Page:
COTA welcomes Labor commitment to aged care reform

Council on the Ageing (COTA) Australia, the peak body for older Australians, has welcomed the announcement of significant additional funding for aged care reform in today’s Budget Reply speech by Opposition Leader Anthony Albanese.

COTA Australia Chief Executive, Ian Yates welcomed the Labor party’s commitment, if elected, to provide $2.5 Billion over four years, for important additional workforce measures, including:

  • funding 24 hour 7 days a week nurses in all residential aged care from 1 July 2023. This is the next stage of increasing nursing recommended by the Royal Commission – but a year earlier than recommended – after the first step already adopted by the government
  • implementing the second stage of extra staffing recommended by the Royal Commission to provide an average 215 minutes of care per resident, including an average 44 minutes of nursing care; the first stage of 200 minutes with 40 minutes nursing already being implemented.
  • intervention in the Fair Work Commission to support a substantial increase in aged care award wages, as an essential step in rebuilding the aged care workforce; and then funding the Fair Work Commission decision.

All of these measures go further than the Government’s current package, with Government decisions on some remaining royal commission recommendations such as the extra hours and 24/7 nursing still to be decided.

“Getting workforce right is an essential step in building a world class aged care system in which excellence is the expectation not the exception”, Mr Yates said. “We support the steps announced in the Budget Reply; they are essential, but they must be coupled with other measures to ensure that aged care is truly built around the older person, not around providers or indeed professionals, who are both vital to but not the purpose of the system.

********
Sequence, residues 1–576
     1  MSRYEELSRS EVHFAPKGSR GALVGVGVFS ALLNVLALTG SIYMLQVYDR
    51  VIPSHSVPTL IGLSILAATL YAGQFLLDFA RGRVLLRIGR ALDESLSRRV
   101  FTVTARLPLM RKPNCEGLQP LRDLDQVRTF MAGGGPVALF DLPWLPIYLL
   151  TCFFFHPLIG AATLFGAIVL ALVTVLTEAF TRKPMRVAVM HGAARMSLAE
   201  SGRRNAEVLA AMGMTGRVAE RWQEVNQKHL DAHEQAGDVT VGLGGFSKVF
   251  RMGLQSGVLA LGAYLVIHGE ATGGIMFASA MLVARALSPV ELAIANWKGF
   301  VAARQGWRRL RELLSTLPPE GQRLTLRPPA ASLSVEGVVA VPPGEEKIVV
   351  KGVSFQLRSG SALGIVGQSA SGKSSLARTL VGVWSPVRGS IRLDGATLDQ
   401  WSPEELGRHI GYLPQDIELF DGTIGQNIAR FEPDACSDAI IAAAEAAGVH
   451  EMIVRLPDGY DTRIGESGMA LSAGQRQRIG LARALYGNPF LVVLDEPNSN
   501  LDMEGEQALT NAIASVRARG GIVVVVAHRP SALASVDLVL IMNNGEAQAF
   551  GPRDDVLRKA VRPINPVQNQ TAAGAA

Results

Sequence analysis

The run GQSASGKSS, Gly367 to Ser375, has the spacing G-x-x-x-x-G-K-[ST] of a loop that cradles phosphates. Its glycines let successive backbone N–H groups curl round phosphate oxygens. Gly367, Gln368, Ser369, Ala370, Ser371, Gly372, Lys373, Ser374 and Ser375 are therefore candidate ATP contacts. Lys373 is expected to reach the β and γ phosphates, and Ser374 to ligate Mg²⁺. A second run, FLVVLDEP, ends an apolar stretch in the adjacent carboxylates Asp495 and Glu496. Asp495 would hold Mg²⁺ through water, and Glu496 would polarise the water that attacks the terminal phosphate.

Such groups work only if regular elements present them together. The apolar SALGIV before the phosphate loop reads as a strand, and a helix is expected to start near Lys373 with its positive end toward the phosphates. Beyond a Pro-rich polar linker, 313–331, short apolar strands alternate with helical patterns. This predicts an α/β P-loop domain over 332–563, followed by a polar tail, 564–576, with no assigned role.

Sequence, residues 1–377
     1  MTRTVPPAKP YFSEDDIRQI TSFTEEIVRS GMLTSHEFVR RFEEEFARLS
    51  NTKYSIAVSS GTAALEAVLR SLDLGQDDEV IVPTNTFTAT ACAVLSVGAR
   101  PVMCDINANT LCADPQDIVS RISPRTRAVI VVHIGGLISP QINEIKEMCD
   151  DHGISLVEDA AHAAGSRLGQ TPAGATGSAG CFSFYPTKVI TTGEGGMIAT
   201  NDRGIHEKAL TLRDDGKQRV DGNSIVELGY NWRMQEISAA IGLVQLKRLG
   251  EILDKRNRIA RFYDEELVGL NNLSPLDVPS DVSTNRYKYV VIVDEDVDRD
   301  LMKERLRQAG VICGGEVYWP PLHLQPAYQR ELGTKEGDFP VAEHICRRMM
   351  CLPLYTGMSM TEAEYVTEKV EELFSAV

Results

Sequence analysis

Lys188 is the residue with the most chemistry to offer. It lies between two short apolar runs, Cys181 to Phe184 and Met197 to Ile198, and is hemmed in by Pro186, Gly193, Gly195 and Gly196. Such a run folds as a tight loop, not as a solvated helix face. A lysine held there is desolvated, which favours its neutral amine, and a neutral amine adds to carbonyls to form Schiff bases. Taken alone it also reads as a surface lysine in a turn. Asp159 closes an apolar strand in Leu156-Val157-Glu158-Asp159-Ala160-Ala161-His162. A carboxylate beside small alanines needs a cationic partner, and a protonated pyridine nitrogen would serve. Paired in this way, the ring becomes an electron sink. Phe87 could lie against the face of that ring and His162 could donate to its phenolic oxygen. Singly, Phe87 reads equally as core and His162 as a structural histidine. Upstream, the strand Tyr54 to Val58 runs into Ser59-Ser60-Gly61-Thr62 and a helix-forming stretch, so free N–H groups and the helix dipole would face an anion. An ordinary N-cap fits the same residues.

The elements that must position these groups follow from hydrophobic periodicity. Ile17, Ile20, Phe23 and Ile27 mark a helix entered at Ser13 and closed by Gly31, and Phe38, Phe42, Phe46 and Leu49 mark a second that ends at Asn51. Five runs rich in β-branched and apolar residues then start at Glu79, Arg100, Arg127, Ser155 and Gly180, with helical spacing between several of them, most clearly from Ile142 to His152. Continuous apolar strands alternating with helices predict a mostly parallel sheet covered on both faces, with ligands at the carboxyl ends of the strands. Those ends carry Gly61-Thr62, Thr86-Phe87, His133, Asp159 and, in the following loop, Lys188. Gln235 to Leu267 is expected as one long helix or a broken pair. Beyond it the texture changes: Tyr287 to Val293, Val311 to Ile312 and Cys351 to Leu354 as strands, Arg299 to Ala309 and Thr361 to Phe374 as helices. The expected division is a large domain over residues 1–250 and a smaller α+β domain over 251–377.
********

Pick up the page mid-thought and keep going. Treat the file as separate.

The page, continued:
“We recognise that Labor cannot put a cost on the outcome of the  Fair Work Commission case until both the quantum and the staging of the increase are known; just as the Government could not include this in the Budget for the same reason. Whoever is in government will have to pay it.

Mr Yates also warmly welcomed the headline commitment to measures that will require better meals experience, minimum nutrition requirements, and create greater accountability and transparency over use of taxpayer funding. “The Royal Commission recommendations already adopted by Government have set us on this road – we look forward to Labor sharing their additional plans. These are key issues for aged care consumers.

“We look forward to more details of the Opposition’s plans. Reforming aged care is not an easy task, there are few silver bullets, there are still too many poorer quality providers, so we look forward to working with Labor on the measures they have foreshadowed.

Mr Yates also called on Labor (and indeed all parties) to commit to the implementation of the Royal Commission recommendations which now include the Government’s response, and the detailed planning, consultation and timeframes already well underway.

“COTA welcomes Labor putting aged care front and centre in the forthcoming election. We have come a long way since 2007 when neither party released an aged care policy. Long overdue.